In April 2017, Hartley registered to lobby on behalf of SNC-Lavalin with the federal lobbying commissioner, as required by law. A month later, Pristanski followed suit. Pristanski registered to push the government for “policy changes related to white collar crime,” specifically deferred prosecution agreements.
The two men were part of the successful lobbying blitz that SNC Lavalin undertook to convince the Trudeau government to write legislation that would create a path for companies to avoid criminal conviction for their crimes through deferred prosecution agreements, an alternative already in place in many other countries.
In 2017, Pristanski met with Catrina Tapley, deputy secretary in the Privy Council Office and in 2018 with David MacNaughton, then Canada’s ambassador to the United States.
He also registered on Oct. 17, 2018 to lobby Ontario Premier Doug Ford to “update his staff about the current status of a possible Remedial Agreement under the Deferred Prosecution Agreement framework that became law in Canada in mid-September 2018.”
On Oct. 29, he met with Ford along with SNC-Lavalin’s then-CEO Neil Bruce, Ford’s calendar shows, presumably to seek Ford’s support for the company’s efforts to avoid a criminal trial.
Hartley and Pristanski were part of a supremely well-connected group of insiders—including Kevin Lynch, former clerk of the privy council and Frank Iacobucci, former Supreme Court judge—who worked on behalf of the engineering giant, successfully convincing the government to quietly introduce changes to the criminal code that could have allowed SNC-Lavalin to avoid trial.
Although it was a bipartisan effort, Conservatives did not shrink from attacking the Trudeau government when the behind-the-scenes lobbying became a political liability.
Last year, Scheer called for Trudeau’s resignation after former attorney general Jody Wilson-Raybould testified that the prime minister and his aides pressured her to order prosecutors to offer SNC-Lavalin a deferred prosecution agreement. The revelation brought Trudeau’s government to the precipice of collapse, costing him two senior ministers and his right-hand man, Gerald Butts.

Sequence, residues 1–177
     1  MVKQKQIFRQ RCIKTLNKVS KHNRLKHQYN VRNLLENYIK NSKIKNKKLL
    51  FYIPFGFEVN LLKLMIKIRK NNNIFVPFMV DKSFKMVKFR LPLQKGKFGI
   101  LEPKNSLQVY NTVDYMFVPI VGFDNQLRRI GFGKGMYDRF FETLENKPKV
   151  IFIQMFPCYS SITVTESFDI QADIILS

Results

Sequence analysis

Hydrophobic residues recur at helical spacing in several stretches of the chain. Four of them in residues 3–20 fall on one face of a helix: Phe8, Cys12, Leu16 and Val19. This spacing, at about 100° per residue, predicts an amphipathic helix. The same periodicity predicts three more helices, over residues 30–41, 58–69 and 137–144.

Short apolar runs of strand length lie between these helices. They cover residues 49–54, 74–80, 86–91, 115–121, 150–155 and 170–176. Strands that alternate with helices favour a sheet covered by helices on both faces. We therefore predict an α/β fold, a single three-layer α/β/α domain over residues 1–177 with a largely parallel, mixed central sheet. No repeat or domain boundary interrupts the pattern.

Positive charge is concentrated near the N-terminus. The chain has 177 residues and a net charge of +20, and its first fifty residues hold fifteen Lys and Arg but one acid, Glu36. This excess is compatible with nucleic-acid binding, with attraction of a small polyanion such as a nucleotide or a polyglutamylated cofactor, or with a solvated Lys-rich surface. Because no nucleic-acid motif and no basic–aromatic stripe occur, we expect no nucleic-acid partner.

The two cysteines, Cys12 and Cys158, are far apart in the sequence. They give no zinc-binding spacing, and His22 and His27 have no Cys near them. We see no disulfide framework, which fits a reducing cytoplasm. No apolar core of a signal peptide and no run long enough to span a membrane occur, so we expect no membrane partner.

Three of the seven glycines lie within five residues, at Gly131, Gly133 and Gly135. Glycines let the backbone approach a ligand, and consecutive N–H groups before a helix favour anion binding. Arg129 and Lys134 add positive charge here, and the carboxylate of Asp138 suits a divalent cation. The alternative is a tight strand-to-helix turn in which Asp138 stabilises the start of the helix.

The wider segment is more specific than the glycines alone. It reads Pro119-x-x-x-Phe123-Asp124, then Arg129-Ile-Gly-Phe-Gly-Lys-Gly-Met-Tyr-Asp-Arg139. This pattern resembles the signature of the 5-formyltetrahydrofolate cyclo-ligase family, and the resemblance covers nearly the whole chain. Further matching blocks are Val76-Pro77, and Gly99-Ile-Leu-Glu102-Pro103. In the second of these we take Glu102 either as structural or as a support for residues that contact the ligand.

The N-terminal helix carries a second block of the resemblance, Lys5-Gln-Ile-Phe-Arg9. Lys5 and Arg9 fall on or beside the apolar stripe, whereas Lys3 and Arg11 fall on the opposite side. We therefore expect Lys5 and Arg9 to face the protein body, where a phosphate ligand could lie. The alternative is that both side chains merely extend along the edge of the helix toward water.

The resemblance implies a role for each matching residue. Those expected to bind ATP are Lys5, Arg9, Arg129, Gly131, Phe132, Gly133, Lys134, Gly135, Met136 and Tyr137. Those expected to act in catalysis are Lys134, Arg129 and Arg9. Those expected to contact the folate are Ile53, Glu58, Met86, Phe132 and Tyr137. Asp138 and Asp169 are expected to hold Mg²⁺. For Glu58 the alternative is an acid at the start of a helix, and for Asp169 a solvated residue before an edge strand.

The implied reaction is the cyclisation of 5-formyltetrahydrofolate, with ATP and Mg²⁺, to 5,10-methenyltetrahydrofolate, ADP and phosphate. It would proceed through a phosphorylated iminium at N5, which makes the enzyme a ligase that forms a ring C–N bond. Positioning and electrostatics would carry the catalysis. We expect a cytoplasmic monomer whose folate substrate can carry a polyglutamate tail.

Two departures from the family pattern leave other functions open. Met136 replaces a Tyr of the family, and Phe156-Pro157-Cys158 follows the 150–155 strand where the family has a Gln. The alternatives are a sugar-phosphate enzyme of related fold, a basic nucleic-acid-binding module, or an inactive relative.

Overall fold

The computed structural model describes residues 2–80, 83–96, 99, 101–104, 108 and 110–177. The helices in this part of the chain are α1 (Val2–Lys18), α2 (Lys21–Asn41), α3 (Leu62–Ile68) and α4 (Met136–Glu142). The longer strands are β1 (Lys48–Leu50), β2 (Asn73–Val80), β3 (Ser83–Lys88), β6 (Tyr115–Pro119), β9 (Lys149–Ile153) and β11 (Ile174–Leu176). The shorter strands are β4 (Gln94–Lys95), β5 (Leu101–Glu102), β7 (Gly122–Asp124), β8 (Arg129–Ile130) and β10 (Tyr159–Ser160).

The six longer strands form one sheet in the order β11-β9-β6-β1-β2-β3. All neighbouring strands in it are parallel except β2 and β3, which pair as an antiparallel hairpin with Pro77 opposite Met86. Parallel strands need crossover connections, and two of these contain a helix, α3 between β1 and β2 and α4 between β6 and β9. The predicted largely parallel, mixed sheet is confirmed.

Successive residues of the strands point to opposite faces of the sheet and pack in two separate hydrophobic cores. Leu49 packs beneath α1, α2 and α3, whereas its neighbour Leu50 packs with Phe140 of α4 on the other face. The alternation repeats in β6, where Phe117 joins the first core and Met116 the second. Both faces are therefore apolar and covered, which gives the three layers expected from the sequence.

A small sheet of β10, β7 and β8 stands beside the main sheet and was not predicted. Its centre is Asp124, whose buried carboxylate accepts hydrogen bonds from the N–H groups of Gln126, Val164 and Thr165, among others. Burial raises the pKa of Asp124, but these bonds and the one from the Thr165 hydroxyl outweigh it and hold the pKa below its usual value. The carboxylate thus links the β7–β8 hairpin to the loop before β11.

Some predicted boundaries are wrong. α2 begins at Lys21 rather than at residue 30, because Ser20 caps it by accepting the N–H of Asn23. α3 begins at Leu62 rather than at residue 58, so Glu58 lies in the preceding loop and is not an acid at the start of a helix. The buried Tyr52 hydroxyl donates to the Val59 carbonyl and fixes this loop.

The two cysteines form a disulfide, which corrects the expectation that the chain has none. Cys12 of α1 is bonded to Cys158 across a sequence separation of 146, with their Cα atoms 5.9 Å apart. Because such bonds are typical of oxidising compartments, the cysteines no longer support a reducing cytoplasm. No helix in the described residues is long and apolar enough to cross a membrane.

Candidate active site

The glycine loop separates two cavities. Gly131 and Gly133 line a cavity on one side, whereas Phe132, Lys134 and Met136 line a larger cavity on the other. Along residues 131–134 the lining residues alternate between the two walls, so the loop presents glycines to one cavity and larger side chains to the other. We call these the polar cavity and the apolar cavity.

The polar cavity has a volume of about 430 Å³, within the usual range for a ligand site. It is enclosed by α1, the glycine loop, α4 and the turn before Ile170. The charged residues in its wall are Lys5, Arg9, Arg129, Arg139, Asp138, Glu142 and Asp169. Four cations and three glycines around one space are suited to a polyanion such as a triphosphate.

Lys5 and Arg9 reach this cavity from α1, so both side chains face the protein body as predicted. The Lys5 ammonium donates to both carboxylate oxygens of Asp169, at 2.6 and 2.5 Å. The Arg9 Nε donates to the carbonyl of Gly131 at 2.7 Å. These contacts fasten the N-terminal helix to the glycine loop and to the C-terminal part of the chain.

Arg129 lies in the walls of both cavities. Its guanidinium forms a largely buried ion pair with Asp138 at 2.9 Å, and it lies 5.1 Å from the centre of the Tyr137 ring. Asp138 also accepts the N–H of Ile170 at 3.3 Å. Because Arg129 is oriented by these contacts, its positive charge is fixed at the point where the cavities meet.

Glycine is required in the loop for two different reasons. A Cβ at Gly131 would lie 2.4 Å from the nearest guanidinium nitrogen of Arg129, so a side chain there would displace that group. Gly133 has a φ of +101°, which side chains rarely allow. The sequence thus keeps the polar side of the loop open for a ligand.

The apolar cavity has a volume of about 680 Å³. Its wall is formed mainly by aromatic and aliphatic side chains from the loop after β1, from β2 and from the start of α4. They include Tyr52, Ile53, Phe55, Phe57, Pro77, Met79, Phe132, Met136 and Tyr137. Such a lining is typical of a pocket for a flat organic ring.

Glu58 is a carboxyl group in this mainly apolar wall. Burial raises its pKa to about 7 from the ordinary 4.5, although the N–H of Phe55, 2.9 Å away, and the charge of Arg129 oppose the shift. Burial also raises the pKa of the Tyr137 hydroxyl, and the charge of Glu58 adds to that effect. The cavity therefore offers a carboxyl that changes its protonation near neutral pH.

Wilson-Raybould refused to intervene in the case and in December the company pleaded guilty to fraud, accepting a $280-million fine.
During the 2019 election campaign, Scheer repeatedly took aim at the clubby quality of the lobbying process, casting Trudeau as a corrupt prime minister who was ready to look after the interests of his well-connected friends. Similar attacks may be harder for MacKay to make, given that one of the lobbyists on the file has been a good friend and ally for so long.
Pristanski was campaign chair for MacKay’s successful 2003 campaign for the leadership of the Progressive Conservative Party, helping broker the convention-floor deal with Red Tory activist David Orchard that put MacKay over the top.
Pristanski was with New Brunswick senator Noel Kinsella when Kinsella convinced Orchard to bring his delegates to MacKay in exchange for agreeing not to merge the party with the Canadian Alliance. According to Full Circle, Death and Resurrection in Canadian Conservative Politics, by Bob Plamondon, Pristanski talked through the deal with MacKay before he signed, and then filled in Mulroney on the details, winning his blessing for the arrangement.
Pristanski was also involved in the merger talks with the Canadian Alliance that began soon after the convention, which MacKay entered into in spite of his deal with Orchard.